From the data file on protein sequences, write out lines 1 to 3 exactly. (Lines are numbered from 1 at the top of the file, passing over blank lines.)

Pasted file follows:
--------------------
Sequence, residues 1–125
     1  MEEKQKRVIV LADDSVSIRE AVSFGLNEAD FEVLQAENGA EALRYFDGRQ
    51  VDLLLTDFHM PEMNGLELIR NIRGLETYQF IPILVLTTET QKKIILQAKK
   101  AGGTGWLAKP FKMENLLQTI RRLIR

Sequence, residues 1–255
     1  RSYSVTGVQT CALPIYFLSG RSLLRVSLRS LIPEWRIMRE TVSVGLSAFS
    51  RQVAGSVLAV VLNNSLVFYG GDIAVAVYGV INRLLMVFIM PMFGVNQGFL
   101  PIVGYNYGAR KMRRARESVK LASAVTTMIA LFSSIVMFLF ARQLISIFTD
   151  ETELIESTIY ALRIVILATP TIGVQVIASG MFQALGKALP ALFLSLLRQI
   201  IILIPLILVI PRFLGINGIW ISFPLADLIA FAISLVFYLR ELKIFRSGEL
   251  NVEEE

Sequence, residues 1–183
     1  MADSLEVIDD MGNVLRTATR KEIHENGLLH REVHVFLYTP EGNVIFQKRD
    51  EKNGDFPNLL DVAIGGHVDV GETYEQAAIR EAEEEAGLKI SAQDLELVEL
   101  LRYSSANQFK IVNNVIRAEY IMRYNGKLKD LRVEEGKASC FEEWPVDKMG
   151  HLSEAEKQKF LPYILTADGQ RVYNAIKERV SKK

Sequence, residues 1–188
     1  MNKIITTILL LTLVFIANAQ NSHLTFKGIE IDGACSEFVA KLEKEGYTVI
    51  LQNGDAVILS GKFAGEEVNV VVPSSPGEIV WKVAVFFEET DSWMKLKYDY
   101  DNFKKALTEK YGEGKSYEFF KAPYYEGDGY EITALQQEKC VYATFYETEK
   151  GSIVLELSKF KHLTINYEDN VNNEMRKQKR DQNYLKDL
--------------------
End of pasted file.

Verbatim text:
Sequence, residues 1–125
     1  MEEKQKRVIV LADDSVSIRE AVSFGLNEAD FEVLQAENGA EALRYFDGRQ
    51  VDLLLTDFHM PEMNGLELIR NIRGLETYQF IPILVLTTET QKKIILQAKK